Home for the Holidays

Written by Ken Carman

We used to have so much fun celebrating my birthday, back before Dad said he was well pleased with me. Mom’s been dead a long time. For a while I didn’t even come home for the holidays. Dad and I were a bit, well, distant. Might say in my darkest time he had forsaken me.

I’m home now. I have been for a long time. But Dad is still distant. I heard he used to have so much fun before I was born. Am I to blame for the fact he doesn’t do the flood thing anymore, or turn those who disobey into salt? He said a fire next time, but everybody has been waiting, waiting, waiting… if only someone would stick a fire up his celestial you know what.

If only he’d open up to me. Have a father to son, son to father, chat. We could do so much together. Heal the sick, cast out demons, tease Satan into thinking one of us will betray the other.

Fun times.

But, no, he’d rather me just talk to everyone. Some kind of go between. He doesn’t want to talk to anyone, not even me. Dad says it’s because we’re too much alike. Like we’re one in the same.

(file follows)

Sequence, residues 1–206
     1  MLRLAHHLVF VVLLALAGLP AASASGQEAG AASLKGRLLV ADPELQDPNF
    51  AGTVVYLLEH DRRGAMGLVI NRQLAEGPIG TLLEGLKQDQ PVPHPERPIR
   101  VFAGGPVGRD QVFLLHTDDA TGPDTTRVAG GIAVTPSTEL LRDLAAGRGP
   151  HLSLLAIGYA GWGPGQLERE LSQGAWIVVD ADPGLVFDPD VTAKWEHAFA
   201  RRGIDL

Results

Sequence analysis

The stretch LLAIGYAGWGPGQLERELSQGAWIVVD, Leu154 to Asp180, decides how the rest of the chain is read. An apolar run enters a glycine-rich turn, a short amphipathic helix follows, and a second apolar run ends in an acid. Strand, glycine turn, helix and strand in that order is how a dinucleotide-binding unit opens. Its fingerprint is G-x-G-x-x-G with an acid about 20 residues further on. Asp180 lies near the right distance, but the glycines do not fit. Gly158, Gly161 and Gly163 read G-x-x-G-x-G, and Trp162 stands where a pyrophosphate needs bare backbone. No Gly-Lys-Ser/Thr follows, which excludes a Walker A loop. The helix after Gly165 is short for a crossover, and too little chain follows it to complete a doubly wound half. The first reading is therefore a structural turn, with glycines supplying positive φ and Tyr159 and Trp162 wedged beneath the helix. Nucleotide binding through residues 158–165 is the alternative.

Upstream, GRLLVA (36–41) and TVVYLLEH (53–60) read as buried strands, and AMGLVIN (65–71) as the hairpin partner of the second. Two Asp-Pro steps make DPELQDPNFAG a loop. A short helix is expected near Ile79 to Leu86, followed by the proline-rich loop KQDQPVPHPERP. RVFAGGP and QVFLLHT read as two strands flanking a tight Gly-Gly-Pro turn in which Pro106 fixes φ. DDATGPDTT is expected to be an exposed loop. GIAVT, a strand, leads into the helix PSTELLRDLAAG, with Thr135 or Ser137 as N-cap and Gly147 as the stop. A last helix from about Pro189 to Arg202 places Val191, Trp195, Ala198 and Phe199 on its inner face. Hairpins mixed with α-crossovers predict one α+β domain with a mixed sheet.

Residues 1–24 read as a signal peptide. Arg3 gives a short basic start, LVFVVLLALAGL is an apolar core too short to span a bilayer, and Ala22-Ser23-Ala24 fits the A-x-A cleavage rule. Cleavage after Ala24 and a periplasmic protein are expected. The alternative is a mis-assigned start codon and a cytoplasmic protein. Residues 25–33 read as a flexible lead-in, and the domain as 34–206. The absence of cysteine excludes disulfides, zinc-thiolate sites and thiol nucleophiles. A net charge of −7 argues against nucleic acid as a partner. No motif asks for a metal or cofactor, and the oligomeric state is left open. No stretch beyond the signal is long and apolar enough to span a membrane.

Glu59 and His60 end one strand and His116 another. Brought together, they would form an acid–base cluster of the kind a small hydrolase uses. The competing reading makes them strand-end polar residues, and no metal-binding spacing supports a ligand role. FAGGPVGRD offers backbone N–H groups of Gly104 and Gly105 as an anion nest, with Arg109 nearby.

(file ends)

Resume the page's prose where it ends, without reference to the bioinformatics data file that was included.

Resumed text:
I suppose that’s true: Savior, Father and that ungrateful Ghost, wherever he went. Dad talks about him being everywhere, but I’ll be damned if I ever see him.

Everyone else seems to be talking about my Brother James lately. Odd, for years he was treated as if he was an embarrassment, or he didn’t even exist. And though he died many, many years ago, now he’s a “hot topic.”

Why is it you can do so much, heal so many, walk on water, convert the masses, have masses and sermons about you somewhere in the world every second of the day. You can feed thousands with a loaf of bread and turn a little water into gallons and gallons of wine. You can sacrifice your life to do what’s right and have billions follow you, praise your name, even kill in your name. But when you’re home it’s always the same old, same old. You’re still the son. He’s still the father. And you wonder if you have ever done anything right in his eyes, or if he even cares at all.

Sometimes being home for the holidays means you can have a whole lot of people around who are supposed to care, but you’re not sure they do.

Sometimes being home for the holiday is just a whole lot of lonely.
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Ken Carman
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